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The Rev. Jennifer Adams – April 14, 2017 – Good Friday

One of the things I love about Grace Church is that the members of this congregation very genuinely want to help make the world a better place.  Now we don’t always agree on how that should happen, but I believe that that intent to “do good,” to do “faithful good” in and for this world is practically (if not absolutely) unanimous in this place.

We want healing to come to individuals, to nations, to humanity writ large. We want reconciliation where there is division and forgiveness where grudges hold. We want freedom, liberation for others and for ourselves seeing all people as “created in the image of God.” Here at Grace, we call pull each other out from different “sides” and meet in places of compassion and generosity.  And that is a gift we should do everything we can to maintain.  The world needs us!

This is a congregation that does not by any means agree on everything, yet the people of Grace very genuinely want to believe that in the end as the saying goes, love wins.  And not only that, but we make efforts from varieties of directions, including outreach and prayer, toward helping that happen in our own lives and as a community of faith.

And so I would safely bet that today breaks whatever heart you have brought with you into this space. This story contains all the “stuff” we hope not to promote, yet alone embody. This part of the gospel in many ways contains all that we fight against and so it is so very hard to hear.  This is betrayal, injustice, abandonment, and fear all taking hold on a level that was nothing short of devastating.  This is human failure and blatant sin.  “Created in the image of God” seems to have been the furthest thing from just about everyone’s mind in this gospel story. Jesus was utterly alone.  There was mocking and lying and struggles for power and more grief and confusion than even the strongest among them could manage to behold for long.

And so this is not who we want to be.  This is not who we have been called to be.

And yet this is also who we are.  And maybe that’s what’s breaking our hearts today.  We are a good people here who together make each other better people, and I remain absolutely committed to that project and I hope you are too.  But today calls us into a different kind of space, not the kind of space in which we usually come together at Grace.

Today makes room not for who we hope to be or are called to be, but for the parts of each of us and this world that are more broken than they are whole, more fearful than they are strong, more untrue than they are honest, more unjust than they are just.  And as hard and painful as it is today, this is our story today.  And to deny it would be to miss part of the point.

Today we are given space to weep for the Christ and to weep for this world, because “image of God” just isn’t always in the front of our minds all the time either.  This is the day of failing to love our neighbors as ourselves.  This is the day of “things done and left undone.”  We aren’t here today as the people with the white hats shocked at that of which others are capable; we’re here as a people who when taken in our entirety, run grey.  Just like pretty much everyone else.

Jesus was alone on Good Friday and maybe we need to let him be.  While just yesterday we became Body of Christ through service and feast, today we are Judas and Peter and Pilate and the crowds. Today we are Nicodemus and the women and Joseph of Arimethea.  We are a complicated people and we are part of the mess.  And it’s OK to be in that space, not for the purpose of instilling guilt, but for the sake of acknowledging our own truths.  And ultimately to receive our own healing, our own redeeming.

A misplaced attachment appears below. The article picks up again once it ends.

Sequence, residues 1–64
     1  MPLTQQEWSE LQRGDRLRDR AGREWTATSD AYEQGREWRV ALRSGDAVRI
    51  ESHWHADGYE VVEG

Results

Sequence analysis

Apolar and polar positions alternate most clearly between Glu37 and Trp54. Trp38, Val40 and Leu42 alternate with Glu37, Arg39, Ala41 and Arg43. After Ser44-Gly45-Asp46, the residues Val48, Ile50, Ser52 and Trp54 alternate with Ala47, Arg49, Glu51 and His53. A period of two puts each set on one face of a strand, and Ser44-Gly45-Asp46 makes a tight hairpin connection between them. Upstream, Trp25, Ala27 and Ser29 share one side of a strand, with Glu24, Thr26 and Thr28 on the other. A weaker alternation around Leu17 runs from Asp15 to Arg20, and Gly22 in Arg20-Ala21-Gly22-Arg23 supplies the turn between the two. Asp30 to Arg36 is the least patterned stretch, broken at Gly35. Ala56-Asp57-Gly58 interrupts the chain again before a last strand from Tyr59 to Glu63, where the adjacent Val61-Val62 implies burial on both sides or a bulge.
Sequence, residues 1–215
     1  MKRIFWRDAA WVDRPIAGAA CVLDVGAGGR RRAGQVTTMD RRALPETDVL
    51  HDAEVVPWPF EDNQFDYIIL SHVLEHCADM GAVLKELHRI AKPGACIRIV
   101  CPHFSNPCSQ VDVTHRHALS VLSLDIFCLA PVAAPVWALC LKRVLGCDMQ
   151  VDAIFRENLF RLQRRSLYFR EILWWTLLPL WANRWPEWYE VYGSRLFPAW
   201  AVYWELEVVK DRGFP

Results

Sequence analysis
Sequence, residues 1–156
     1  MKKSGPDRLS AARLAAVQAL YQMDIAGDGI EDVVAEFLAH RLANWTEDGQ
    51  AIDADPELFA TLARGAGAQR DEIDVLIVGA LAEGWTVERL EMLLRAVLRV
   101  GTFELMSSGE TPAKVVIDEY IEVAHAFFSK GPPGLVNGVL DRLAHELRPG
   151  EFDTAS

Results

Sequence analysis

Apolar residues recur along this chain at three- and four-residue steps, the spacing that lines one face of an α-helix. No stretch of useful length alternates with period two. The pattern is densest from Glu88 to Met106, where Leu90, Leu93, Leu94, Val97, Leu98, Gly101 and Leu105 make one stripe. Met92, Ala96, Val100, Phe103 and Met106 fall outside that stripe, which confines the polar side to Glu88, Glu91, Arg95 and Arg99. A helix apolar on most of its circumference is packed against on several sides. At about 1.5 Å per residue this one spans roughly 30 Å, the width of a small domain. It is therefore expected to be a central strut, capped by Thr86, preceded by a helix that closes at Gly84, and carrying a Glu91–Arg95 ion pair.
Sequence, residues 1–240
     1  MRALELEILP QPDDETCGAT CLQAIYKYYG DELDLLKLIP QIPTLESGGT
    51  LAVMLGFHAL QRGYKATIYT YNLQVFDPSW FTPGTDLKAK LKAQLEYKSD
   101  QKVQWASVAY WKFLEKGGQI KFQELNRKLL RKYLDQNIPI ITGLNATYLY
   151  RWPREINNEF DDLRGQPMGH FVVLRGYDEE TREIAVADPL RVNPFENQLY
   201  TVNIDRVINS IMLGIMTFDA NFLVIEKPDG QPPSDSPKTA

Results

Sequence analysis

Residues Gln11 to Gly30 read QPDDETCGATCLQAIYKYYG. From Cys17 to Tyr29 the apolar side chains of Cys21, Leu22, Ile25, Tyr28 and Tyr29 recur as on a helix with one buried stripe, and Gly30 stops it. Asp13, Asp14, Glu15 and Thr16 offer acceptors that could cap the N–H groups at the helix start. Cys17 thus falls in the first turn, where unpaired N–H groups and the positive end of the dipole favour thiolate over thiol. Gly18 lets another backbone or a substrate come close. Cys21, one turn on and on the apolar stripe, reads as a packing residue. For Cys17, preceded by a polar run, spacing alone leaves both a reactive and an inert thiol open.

What’s so amazing about this story is that Jesus stayed present through it all.  Even though alone, he stayed present to them and to us all.  Jesus didn’t leave the garden when the disciples fell asleep or forever abandon the ones in the courtyard when they denied him.  He didn’t leave the courtroom when truth was denied this world.  Jesus didn’t even leave the cross when he was, at the hands of some very horrible versions of what it means to be human, sentenced to death.

And that is the good news today.  It’s not the kind of good news that says “Here’s who you can be!” or Here’s who we can be.”  It’s the kind of good news that says, “Here’s who God is.”

And it is so very hard, but it is also grace. It is profoundly and utterly grace for us and for this world.

Today we need God because we are blatantly, humanly, and at times terribly disappointingly, not God. We fail to honor that image in one another and in ourselves” on an all too regular basis.  No matter how genuine our intentions or how passionate our desires for goodness, we can’t redeem ourselves or this world by ourselves.  Even together, we can’t fill a cross with glory; we can’t make this human mess into a glorious battle, nor should we ever try to.

But what we learn these three days is that God can and God will.  In some ways God already has because God is here through it all, being God. In ways that we can’t. And so part of the very real goodness of this day is that we are invited to jump into the gospel story whole, heartbreakingly, yet gracefully, whole.

Healing comes, people of Grace.  Reconciliation happens people of this world! Liberation breaks through, children of God one and all.

And love wins.  Not ours alone, but God’s.

Amen.